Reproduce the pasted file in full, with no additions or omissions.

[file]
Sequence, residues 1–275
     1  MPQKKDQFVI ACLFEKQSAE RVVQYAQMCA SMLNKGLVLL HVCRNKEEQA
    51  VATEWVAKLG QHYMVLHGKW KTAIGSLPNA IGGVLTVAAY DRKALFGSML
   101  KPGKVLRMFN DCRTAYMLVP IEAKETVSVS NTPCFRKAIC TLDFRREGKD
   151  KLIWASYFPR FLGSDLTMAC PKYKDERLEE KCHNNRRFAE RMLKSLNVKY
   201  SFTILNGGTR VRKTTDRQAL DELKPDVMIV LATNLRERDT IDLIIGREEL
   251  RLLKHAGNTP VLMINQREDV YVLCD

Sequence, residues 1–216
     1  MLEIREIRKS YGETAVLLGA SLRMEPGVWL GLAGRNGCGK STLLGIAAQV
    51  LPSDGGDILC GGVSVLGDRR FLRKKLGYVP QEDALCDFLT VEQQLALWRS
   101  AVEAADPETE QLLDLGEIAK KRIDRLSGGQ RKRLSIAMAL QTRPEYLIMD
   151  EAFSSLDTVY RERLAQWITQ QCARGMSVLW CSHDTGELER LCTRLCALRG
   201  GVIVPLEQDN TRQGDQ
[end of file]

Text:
Sequence, residues 1–275
     1  MPQKKDQFVI ACLFEKQSAE RVVQYAQMCA SMLNKGLVLL HVCRNKEEQA
    51  VATEWVAKLG QHYMVLHGKW KTAIGSLPNA IGGVLTVAAY DRKALFGSML
   101  KPGKVLRMFN DCRTAYMLVP IEAKETVSVS NTPCFRKAIC TLDFRREGKD
   151  KLIWASYFPR FLGSDLTMAC PKYKDERLEE KCHNNRRFAE RMLKSLNVKY
   201  SFTILNGGTR VRKTTDRQAL DELKPDVMIV LATNLRERDT IDLIIGREEL
   251  RLLKHAGNTP VLMINQREDV YVLCD

Sequence, residues 1–216
     1  MLEIREIRKS YGETAVLLGA SLRMEPGVWL GLAGRNGCGK STLLGIAAQV
    51  LPSDGGDILC GGVSVLGDRR FLRKKLGYVP QEDALCDFLT VEQQLALWRS
   101  AVEAADPETE QLLDLGEIAK KRIDRLSGGQ RKRLSIAMAL QTRPEYLIMD
   151  EAFSSLDTVY RERLAQWITQ QCARGMSVLW CSHDTGELER LCTRLCALRG
   201  GVIVPLEQDN TRQGDQ